Archive for May 7th, 2011

A house in the Sundarbans

May 7, 2011 in Snapshots | Comments (10)



This being the 150th anniversary of Rabindranath Tagore’s birth, it feels propitious to have chanced upon this photograph now. The picture is of the little house that Tagore stayed in when he went to visit Gosaba, in the Sundarbans, in December 1932. The house was built especially for him by Sir Daniel Hamilton, the Scottish shipping magnate who founded the settlement. Note the little stilts: Sir Daniel’s own house in Gosaba was also built on stilts, and there are many who believe that this feature is responsible for the preservation of these structures. The Sundarbans are a famously cyclone-prone area and Gosaba has been hit many times by storms of extreme violence: while many, apparently more solid, buildings were swept away, these fragile wooden structures somehow withstood the winds. The theory goes that the gap between the earth and the floor allows the winds to pass through without causing serious structural damage.




Sir Daniel had many odd and interesting ideas  (some might call him a visionary crackpot).  He envisaged Gosaba as an agricultural (and educational) co-operative and Tagore was influenced by his ideas. In a 1930 letter to Sir Daniel, Tagore wrote: ‘I have not much faith in politicians when the problem is vast needing a complete vision of the future of a country like India entangled in difficulties that are enormous. These specialists have the habit of isolating politics from the large context of national life and the psychology of the people and of the period. They put all their emphasis upon law and order, something which is external and superficial and ignore the vital needs of the spirit of the nation…’ [from Selected Letters of Rabindranath Tagore, ed. Krishna Dutta & Andrew Robinson, p. 382 – by an interesting co-incidence the letter is addressed to Sir Daniel Hamilton at Dartington Hall in Devon, England, where a huge Tagore Festival is being held this year].


My father’s ‘middle-elder-brother’ (my ‘mejojethamoshai’) was the last manager of the Hamilton estate in Gosaba – thus arose my own connection with the Sundarbans. I was especially close to one of my uncle’s sons, Subroto Ghosh. ‘Kajolda’, as we called him, was much older than me: he grew up in Gosaba in the 1940s and ‘50s, and was radicalized by the extreme poverty of the area. He became a political activist and broke with his father. After getting into trouble with the authorities, he somehow ended up in Berlin, in the 1960s – he used to tell wonderful stories about marching in demonstrations with Daniel Cohn-Bendit (known as ‘Danny the Red’ to people of my vintage – he has since become ‘Danny the Green’ and is a leader of the Green Party).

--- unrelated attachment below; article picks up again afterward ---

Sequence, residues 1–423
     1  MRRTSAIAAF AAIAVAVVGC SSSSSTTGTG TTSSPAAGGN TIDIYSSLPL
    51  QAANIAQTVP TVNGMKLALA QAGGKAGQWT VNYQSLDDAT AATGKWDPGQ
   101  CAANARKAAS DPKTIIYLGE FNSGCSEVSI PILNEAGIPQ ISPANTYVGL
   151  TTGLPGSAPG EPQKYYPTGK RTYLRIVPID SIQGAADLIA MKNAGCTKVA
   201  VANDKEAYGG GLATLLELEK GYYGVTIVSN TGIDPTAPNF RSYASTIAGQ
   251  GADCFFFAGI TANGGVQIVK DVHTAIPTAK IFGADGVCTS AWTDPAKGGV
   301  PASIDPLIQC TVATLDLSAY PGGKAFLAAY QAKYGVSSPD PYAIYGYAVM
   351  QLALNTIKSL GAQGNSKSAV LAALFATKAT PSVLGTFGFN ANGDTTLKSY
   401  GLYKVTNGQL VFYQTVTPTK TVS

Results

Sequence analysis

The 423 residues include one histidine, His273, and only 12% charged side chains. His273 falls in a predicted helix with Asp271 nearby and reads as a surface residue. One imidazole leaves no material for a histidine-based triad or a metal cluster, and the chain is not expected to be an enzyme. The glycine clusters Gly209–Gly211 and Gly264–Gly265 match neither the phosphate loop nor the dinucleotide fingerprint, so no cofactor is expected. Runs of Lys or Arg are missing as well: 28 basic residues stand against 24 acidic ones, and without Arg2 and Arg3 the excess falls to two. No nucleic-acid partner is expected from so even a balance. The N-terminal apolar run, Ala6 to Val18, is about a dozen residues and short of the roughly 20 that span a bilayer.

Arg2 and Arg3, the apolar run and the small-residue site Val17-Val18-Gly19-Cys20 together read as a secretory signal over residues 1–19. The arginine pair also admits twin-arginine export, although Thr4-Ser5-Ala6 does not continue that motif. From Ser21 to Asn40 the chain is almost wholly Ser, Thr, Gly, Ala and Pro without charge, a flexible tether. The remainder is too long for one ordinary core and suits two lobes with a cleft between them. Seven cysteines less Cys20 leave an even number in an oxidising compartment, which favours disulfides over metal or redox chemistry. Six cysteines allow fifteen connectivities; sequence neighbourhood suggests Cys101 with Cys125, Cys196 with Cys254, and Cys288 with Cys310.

For many years Kajolda ran a little souvenir shop in Berlin. But he wasn’t much of a businessman and people sometimes took advantage of his generosity. The shop failed, but Kajolda lived on in Berlin, in a little room in Charlottenburg. When the weather permitted he would walk down to a little park where retired migrants gathered, mainly Turkish, and tell stories in German about the Sundarbans and the Sixties. He was eccentric in the way of solitary men, but he was also kind-hearted and good-natured: what’s more, he was a wonderful story-teller. When book tours took me to Germany I spent a lot of time with him: I think this picture was taken when the German translation of The Glass Palace was released.









Some years ago Kajolda came to Kolkata on a visit and we went to Gosaba together: he had not been back in some fifty years. It was a moving occasion, and I remember vividly that he especially wanted to visit the house that Tagore had lived in. That was when I took the picture above.


Kajolda died in 2009.

ucuz ukash